Your question: What is a Class B fire extinguisher used for?

Class B: Flammable liquids such as alcohol, ether, oil, gasoline and grease, which are best extinguished by smothering. Class C: Electrical equipment, appliances and wiring in which the use or a nonconductive extinguishing agent prevents injury from electrical shock. Don’t use water.

What is a Class B fire extinguisher good for?

Class B fires involve flammable and combustible liquids such as gasoline, alcohol, oil-based paints, lacquers. Therefore, extinguishers with a B rating are designed to extinguish fires involving flammable and combustible liquids.

What type of fire is a Class B fire extinguisher used?

Class B fires are ones in which flammable liquids and/or gases become involved. They are the fuel source in the fire triangle (fuel, heat, oxygen + chemical reaction). Flammable liquids include gasoline, diesel fuel, oils, tars, petroleum greases, solvents, alcohols, and oil-based paints.

Which fire is Class B fire?

Class B are flammable liquids fires such as fuel, gasoline, kerosene, white-spirit… Class B are flammable gases fires such as ethanol, propane, butane, acetylene, hydrogen, methane… Class C are electrical fires. Class D are flammable metals fires such as powdered aluminium, steel wool, magnesium…

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What’s in a Class B fire extinguisher?

Because of this, Class A fire extinguishers use water, while Class B fire extinguishers use dry chemicals (foam or powder), such as aqueous film-forming foam, multi-purpose dry chemicals such as ammonium phosphate, and halogenated agents (such as Halon 1301 and Halon 1211) or highly pressurized carbon dioxide.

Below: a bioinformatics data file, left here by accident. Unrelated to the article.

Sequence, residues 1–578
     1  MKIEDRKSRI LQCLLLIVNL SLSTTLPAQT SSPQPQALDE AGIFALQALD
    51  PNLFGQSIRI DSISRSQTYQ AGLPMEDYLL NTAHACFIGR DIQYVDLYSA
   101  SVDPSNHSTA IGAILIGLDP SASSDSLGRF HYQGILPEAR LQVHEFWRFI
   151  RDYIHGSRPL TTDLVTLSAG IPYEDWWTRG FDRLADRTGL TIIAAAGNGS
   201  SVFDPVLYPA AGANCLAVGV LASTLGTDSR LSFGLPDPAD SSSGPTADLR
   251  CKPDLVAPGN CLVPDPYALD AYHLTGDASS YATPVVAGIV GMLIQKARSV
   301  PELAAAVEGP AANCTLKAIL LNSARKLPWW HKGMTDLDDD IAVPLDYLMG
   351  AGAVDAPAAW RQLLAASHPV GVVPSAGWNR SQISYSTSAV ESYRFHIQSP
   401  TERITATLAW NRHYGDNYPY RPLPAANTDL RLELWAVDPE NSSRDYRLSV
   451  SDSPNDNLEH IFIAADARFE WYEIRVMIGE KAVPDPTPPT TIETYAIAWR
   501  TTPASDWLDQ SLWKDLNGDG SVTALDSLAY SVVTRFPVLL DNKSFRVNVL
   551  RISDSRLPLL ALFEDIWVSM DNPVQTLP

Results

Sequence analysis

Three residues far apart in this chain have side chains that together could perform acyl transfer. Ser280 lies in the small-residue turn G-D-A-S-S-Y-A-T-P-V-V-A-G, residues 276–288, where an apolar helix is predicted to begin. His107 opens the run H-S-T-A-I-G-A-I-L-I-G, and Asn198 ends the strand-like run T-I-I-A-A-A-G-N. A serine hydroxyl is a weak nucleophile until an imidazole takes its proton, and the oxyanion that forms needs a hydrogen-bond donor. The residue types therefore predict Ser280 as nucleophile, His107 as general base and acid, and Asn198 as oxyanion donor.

When using foam a Class B fire is extinguished by?

Foam extinguishes Class A Fires by cooling the burning material and removing the heat from the combustion triangle. Foam extinguishes Class B Fires by covering the flammable liquid with a foam blanket, thus cutting off the oxygen supply from the combustion process.

What are Class B and C fires?

Class B fires which involve flammable liquids and gases, solvents, oils, greases (excluding cooking oils/greases in depth) tars, oil-based paints and lacquers. Class C fires which involve energized electrical equipment.

What does ABC stand for on a fire extinguisher?

Dry Chemical Extinguishers come in a variety of types. You may see them labeled: • “DC” short for “dry chem” • “ABC” indicating that they are designed to extinguish class A,B,and C fires, or • “BC” indicating that they are designed to extinguish class B and C fires.

Which of the following types of surfaces should a Class B fire extinguisher not be used?

Fire buckets can be used filled with water on Class A fires, or with sand to use as an absorbing agent on spilled flammable liquids (Class B). They must not be used with water on burning fat or oil or on electrical appliances.

What is Class B fire caused by?

So a class B fire is very dangerous as it is the burning of flammable liquids. Examples of flammable liquids include petrol, oil, paraffin, alcohol and certain paints. They can ignite by heating them up to extreme temperatures, or with a simple spark.

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How do you fight Class B fire?

In many cases, water will only spread the fuel around and create more fire. To extinguish a Class B fire, you want to cut off the oxygen. You can use carbon dioxide gas to dilute the oxygen available and stop the burning. Smothering the fire with bicarbonate (baking soda) or potassium carbonate will also work.

Where should a Class B fire extinguisher be placed?

1. Where should fire extinguishers be located?

  • Class A: Locations that contain ordinary combustible materials, including offices, classrooms, and assembly halls.
  • Class B: Workshops, storage areas, garages, warehouses, or service and manufacturing areas that contain flammable liquids or gasses.